Actress Lorraine Toussaint is a force to behold. She’s been blessed with a consistent acting career lasting over two decades. She currently stars on two buzzworthy shows: ABC’s Forever and Netflix’s Orange is the New Black and recently wrapped playing a civil rights activist in the MLK biopic, Selma (out Christmas day). The ever serene New Yorker spoke with ESSENCE.com about her spiritual life, why she is her own greatest teacher, and learning from her best mistakes.
Do you consider yourself spiritual, religious or none of the above?
I would say spiritual, but probably none of the above, because the word ‘spiritual’ now has been so overused. It has become a bit of a cliché.
Why do you dislike the word?
I think it’s been overused. People’s faith, people’s beliefs are such a personal thing and it defies definition. I’m so rarely interested in discussing what I believe or what you believe. I think it’s liquid anyway. There are so many names for the thing that cannot be named.
Who has been your greatest teacher?
I’ve been my greatest teacher. I think my mother… I must have been about 13 or something, we were Catholic up until that point and I remember my Mom saying to me, ‘Well, you know, I think I’ve given you a pretty decent foundation. Personally I’m not going the Catholic way anymore so you’re free to explore.’ And I did. I’ve been Buddhist, I’ve been Hindu, and I’ve certainly for the longest been a metaphysician. At the end of the day, it is my job to write my own Bible. Ooh, I can hear the ripple go through the heart of devout Christians but I mean that. My job is to pay attention. My job is to eek out what is the deeper meaning of this life and it is my personal charge to walk my talk. How well I walk my talk, and not talk my talk, determines the quality of my engagement, of all my experience with what is quite personally my God. I’m my greatest teacher and within me I have the power to push myself deeper and higher.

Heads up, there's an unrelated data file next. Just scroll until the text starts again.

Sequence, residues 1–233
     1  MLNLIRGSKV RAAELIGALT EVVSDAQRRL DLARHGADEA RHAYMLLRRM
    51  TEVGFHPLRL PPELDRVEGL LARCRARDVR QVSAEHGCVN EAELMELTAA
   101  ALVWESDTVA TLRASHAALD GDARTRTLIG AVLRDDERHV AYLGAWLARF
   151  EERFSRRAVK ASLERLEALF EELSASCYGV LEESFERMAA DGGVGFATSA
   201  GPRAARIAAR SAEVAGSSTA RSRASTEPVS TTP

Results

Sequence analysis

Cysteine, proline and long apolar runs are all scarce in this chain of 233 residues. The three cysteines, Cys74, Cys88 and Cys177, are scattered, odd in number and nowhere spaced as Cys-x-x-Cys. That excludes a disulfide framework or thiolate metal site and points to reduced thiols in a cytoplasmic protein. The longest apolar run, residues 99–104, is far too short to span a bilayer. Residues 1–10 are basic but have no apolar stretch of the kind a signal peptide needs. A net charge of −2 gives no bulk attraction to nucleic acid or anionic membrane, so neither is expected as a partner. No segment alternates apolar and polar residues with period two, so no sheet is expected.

Have you always been like that?
Yes. I was born odd. I was a strange child. My grandmother was always praying over me. She was always rubbing me and praying over me. She was always rubbing, pulling and flinging. Rub, pull and fling. Rub, pull and fling. I’d go, ‘what the hell is she doing? She’s forever rubbing and pulling and flinging.’ I came out knowing a lot and didn’t know how I knew. I think I’ve just grown into owning what I’ve always known.
How wonderful that your family allowed you to be yourself.
Yes. I had an extraordinary mother who at 10, I said—I didn’t grow up with a TV—at 10, I said I want to be an actress. When everyone else in my family laughed, my mother did not. She’s the one who taught to live and ultimately taught me how to die.
I imagine your schedule is very busy. How often do you check in with Lorraine?
Every day. Every day. I’m checking in with her right now. That’s part of my religion. This is my temple right here.
How do you check in with yourself?
I meditate. I’ve been a meditator since, I think I was doing it unofficially before all my life and then began to formalize it somewhere around 14. By the time I was in high school, I was wandering up to South Fallsburg, New York, sitting at the feet of Muktananda; didn’t even know Muktananda was an enlightened one and I studied Buddhism in Japan. This is the thing that interests me almost probably more than anything else in this life. It has to do with the invisible world being more real.
What’s the best mistake you’ve ever made?
I think I’ve made two. My ex-marriages were some of the best mistakes I’ve ever made because… I’m not married at the moment. I will be again, I’m sure. Gosh, ex-husbands—those were great mistakes. They taught me so much about myself. It has opened my heart to myself. Compassion has opened me up to loving. It has opened me up to owning myself and boundaries and clarity and unapologetically being me, and a cooler awareness that I will not dim my light for anyone, and anyone that asks it of me is my enemy. I don’t even have a real clear sense of enemy but that is something that is against me. I can smell that a mile away. At the end of the day, you can’t even call them mistakes. You actually have to call them; those people are ultimately my gurus. Those are the gurus in life.
This interview has been edited and condensed.